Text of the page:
A billion premature deaths this century—that’s the estimated toll of smoking. As 80% of the world’s smokers live in low- to middle-income countries, that’s a huge problem for the developing world. So what’s the solution? You’ve
Cmd+Click or tap to follow the link">heard before from CGD senior fellow Bill Savedoff that increasing tobacco taxes can actually help turn people away from nicotine; on this week’s podcast, you’ll hear another idea.
One of the biggest hopes people expressed about Jim Kim’s nomination to become president of the World Bank was that he would bring a fresh perspective, focused on achieving results, rather than reinforce the institution’s bureaucratic machinery. Unfortunately, President Kim’s recent remarks at the Center for Foreign Relations suggest that bureaucratic inertia is winning.
Health aid pays for life-saving medicines, products, and services in the poorest countries in the world. Funding for such uses needs to be smooth and uninterrupted. But when fraud is detected, funds are subject to sudden stops and starts—the result of a sequence of events set off by the scandal cycle in health aid. We examine this idea in a new CGD policy paper.
A new wave of development programs that explicitly use incentives to achieve their aims is under way.They are part of a trend, accelerating in recent years, to disburse development assistance against specific and measurable outputs or outcomes. With a proliferation of new ideas under names such as “payments for performance,” “output-based aid,” and “results based financing,” it is easy to lose sight of basic underlying similarities in these approaches and to miss some significant differences.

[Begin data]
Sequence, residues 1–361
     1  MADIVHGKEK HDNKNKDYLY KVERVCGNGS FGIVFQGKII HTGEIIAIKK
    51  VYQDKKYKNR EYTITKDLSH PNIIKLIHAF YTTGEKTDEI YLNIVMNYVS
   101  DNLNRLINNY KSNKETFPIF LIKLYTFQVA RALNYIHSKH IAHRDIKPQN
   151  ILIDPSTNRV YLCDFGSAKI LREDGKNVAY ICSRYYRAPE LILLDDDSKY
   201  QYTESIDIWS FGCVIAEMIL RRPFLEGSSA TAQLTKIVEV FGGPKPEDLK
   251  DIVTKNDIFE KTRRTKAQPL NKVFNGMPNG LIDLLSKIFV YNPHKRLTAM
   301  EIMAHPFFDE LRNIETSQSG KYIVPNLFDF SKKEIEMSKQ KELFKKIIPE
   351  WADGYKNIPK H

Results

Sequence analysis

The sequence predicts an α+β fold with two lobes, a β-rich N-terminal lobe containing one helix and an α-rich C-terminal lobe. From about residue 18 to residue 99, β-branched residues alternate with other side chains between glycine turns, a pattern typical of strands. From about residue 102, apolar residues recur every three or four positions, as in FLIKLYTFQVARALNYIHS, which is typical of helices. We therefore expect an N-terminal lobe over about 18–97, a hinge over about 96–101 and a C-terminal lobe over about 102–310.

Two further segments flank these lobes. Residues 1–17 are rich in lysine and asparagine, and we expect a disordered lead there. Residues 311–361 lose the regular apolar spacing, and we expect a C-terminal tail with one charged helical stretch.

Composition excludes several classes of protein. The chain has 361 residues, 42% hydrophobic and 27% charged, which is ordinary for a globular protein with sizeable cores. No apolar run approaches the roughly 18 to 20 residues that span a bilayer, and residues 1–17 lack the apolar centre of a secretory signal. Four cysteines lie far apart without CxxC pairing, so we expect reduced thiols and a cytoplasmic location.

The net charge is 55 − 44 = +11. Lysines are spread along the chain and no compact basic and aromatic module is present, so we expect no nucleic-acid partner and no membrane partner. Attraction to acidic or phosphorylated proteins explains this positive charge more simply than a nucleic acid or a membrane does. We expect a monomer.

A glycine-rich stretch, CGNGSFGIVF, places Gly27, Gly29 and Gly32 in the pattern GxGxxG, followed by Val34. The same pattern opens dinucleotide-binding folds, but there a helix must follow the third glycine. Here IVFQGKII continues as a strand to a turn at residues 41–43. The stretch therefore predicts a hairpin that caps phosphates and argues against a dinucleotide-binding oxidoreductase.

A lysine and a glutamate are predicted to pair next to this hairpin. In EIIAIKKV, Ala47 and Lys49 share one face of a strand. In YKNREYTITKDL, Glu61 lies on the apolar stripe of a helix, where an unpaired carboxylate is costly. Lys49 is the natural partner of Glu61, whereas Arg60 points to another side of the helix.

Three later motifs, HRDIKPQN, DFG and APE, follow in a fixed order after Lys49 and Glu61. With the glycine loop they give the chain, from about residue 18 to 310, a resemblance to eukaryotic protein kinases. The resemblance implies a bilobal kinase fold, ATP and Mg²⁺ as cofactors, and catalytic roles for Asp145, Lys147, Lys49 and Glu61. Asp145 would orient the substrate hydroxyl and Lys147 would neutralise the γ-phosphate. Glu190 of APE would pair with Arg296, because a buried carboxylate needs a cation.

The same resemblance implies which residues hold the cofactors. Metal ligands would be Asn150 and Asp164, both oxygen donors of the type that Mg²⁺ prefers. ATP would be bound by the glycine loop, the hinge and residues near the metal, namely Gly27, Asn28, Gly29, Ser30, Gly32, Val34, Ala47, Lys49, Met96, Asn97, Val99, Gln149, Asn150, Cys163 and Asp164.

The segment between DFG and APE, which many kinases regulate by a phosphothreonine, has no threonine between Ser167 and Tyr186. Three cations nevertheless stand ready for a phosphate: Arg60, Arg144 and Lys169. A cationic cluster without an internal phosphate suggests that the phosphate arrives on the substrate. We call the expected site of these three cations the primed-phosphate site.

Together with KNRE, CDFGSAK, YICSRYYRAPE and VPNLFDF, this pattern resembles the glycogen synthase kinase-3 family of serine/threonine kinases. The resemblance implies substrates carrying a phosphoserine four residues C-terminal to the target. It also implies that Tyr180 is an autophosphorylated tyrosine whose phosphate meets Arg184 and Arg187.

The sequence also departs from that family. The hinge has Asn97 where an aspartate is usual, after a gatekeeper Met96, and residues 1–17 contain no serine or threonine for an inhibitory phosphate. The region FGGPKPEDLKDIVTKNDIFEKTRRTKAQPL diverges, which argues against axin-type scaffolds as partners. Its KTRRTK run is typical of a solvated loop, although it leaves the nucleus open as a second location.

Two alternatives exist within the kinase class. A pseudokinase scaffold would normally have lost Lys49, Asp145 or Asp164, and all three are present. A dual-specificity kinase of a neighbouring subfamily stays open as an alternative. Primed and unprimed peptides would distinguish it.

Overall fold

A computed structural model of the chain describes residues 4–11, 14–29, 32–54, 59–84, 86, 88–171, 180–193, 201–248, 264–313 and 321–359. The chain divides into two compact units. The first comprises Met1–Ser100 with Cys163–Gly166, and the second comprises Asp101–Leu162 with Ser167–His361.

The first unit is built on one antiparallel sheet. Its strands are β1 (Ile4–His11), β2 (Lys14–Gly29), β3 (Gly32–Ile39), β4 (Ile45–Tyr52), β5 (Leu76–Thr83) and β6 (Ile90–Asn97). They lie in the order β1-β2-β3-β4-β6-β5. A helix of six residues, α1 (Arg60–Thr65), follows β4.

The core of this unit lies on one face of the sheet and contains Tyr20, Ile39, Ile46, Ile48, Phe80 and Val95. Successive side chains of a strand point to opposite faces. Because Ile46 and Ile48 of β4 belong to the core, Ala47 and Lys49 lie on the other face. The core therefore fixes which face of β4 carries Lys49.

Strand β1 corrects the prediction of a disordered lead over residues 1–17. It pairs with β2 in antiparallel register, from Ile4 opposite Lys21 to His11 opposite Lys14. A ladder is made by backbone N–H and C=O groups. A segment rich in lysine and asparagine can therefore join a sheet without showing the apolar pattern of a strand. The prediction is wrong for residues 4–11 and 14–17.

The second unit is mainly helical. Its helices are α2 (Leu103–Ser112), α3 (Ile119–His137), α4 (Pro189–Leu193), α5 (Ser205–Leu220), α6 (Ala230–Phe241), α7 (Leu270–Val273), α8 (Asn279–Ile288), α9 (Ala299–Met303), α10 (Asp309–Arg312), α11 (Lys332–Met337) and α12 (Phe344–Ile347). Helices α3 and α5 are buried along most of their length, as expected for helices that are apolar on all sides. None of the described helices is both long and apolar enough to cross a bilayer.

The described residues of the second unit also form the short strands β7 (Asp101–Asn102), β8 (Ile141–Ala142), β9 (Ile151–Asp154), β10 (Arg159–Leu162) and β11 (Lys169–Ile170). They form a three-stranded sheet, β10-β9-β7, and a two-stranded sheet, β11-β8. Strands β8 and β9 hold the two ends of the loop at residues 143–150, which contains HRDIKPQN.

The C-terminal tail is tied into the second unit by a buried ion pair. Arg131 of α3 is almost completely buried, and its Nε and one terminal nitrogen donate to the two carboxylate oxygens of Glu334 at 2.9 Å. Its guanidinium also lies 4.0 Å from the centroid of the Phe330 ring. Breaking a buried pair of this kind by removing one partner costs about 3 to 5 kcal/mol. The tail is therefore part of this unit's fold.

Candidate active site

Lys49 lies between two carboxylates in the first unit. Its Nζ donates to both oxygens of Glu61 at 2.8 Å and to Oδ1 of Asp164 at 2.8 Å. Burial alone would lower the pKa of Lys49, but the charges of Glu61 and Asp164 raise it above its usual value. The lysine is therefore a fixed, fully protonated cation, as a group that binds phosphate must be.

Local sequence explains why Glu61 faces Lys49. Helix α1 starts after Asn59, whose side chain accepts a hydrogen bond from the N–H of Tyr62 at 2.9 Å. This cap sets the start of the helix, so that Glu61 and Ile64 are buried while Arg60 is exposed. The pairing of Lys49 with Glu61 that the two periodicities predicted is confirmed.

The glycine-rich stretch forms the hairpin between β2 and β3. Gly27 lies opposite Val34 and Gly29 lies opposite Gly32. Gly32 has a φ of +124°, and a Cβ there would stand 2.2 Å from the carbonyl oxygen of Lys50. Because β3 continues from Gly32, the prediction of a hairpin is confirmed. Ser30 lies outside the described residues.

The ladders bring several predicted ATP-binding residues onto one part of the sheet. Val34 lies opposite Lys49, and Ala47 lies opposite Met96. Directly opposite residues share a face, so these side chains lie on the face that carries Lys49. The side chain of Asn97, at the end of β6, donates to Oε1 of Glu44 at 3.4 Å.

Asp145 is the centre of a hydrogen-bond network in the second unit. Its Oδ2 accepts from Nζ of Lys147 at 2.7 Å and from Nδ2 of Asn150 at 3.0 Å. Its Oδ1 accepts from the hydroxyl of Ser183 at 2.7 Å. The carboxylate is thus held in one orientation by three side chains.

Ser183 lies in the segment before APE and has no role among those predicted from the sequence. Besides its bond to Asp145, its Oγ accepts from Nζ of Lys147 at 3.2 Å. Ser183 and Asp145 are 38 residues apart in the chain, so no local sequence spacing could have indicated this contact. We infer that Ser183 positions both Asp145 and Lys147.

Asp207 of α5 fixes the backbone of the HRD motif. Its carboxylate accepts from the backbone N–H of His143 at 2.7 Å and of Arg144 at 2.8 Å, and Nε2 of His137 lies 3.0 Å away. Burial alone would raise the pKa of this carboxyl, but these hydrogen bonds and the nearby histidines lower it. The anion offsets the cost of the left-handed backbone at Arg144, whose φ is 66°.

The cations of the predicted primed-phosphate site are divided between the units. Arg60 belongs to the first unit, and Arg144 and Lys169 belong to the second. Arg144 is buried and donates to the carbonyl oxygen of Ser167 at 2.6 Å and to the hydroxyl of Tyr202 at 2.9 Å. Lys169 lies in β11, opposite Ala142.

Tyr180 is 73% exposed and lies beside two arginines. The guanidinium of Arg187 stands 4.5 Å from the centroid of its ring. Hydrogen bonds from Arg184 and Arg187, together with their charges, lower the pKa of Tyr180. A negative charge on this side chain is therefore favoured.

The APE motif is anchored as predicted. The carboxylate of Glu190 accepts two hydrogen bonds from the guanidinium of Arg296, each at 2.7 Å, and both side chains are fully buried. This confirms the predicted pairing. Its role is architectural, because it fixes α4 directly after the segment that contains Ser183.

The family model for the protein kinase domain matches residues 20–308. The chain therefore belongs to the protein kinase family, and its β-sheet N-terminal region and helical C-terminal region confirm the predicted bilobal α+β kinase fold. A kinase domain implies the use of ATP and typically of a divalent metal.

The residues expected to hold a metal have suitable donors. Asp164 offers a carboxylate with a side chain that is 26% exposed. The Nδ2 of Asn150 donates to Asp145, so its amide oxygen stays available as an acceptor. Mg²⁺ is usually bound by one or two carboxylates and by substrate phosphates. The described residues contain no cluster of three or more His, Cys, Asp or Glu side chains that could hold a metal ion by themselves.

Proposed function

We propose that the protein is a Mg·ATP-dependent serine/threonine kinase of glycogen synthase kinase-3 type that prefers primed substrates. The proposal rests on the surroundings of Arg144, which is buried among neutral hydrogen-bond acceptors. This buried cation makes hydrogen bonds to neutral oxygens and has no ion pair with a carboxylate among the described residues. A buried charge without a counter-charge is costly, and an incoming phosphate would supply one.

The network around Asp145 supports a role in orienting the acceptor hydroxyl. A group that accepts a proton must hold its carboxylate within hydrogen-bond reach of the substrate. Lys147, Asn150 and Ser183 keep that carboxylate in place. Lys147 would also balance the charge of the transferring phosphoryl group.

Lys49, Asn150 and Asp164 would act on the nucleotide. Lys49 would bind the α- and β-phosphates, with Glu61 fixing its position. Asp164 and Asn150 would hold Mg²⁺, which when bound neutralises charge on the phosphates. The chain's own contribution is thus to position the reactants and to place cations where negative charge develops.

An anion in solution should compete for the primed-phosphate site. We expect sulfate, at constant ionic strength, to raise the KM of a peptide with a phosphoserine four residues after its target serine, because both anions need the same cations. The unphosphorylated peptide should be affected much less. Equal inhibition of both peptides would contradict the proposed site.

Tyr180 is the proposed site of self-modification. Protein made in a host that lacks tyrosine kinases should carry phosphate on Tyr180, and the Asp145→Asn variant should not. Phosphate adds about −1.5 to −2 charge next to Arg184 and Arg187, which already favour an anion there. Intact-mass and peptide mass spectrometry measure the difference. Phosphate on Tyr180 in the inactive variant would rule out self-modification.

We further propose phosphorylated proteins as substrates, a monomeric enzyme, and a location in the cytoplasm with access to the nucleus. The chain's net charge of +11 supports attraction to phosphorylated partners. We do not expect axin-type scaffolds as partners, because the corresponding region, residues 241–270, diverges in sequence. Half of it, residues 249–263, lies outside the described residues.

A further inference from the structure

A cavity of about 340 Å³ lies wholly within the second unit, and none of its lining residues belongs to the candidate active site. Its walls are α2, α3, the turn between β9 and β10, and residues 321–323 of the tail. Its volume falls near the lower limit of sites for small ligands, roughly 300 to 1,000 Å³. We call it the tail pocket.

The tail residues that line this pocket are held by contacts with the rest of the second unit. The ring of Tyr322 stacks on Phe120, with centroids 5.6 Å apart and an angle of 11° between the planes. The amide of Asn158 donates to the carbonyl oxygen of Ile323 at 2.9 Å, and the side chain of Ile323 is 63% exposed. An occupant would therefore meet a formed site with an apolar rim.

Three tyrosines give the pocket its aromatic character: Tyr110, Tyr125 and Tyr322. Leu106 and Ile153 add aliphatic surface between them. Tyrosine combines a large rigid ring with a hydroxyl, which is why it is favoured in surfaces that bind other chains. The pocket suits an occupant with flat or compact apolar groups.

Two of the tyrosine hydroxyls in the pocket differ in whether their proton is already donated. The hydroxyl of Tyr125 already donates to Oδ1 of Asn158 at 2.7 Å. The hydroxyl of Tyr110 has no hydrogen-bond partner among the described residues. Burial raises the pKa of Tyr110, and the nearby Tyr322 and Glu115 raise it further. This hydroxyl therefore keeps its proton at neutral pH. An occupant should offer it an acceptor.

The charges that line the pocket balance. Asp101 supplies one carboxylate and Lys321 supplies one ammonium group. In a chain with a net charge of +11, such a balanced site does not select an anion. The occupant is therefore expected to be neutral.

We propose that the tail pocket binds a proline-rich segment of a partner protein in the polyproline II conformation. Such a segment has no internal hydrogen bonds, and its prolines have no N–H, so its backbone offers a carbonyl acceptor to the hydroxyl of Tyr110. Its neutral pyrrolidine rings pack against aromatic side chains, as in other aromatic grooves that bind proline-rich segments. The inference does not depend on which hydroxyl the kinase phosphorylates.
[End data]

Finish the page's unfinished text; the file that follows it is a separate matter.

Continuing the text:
I’m always a little anxious introducing a topic at a workshop without knowing if the presentations that follow will support or contradict my points. So it was with some trepidation that I spoke earlier this month at a SIDA workshop in Stockholm, associated with the Swedish International Development Cooperation Agency’s launch of “Results Based Financing Approaches (RBFA) — What Are They?”.
The most essential feature of a social impact bond (SIB) is measuring impact. But what happens if the impact metric is questioned or unclear? A recent dispute over measuring the impact of a SIB for early childhood development in Utah yields two important practical lessons for this innovative financing tool. First, SIB implementers should be careful not to exaggerate the precision of their success indicators. Second, they need to be clear to everyone about which objectives they are pursuing.
It would be strange to try learning how to play music without listening to musicians. Similarly, learning about results-based aid programs requires listening to people who design and implement them. That is just what we did last week in a set of workshops about implementing programs that pay for results – programs which apply some or all of the principles that we’ve discussed here at the Center as Cash on Delivery Aid. As a result of discussing real experiences, we discovered that some of the challenges are quite different than we had anticipated while a number of common concerns have simply failed to materialize.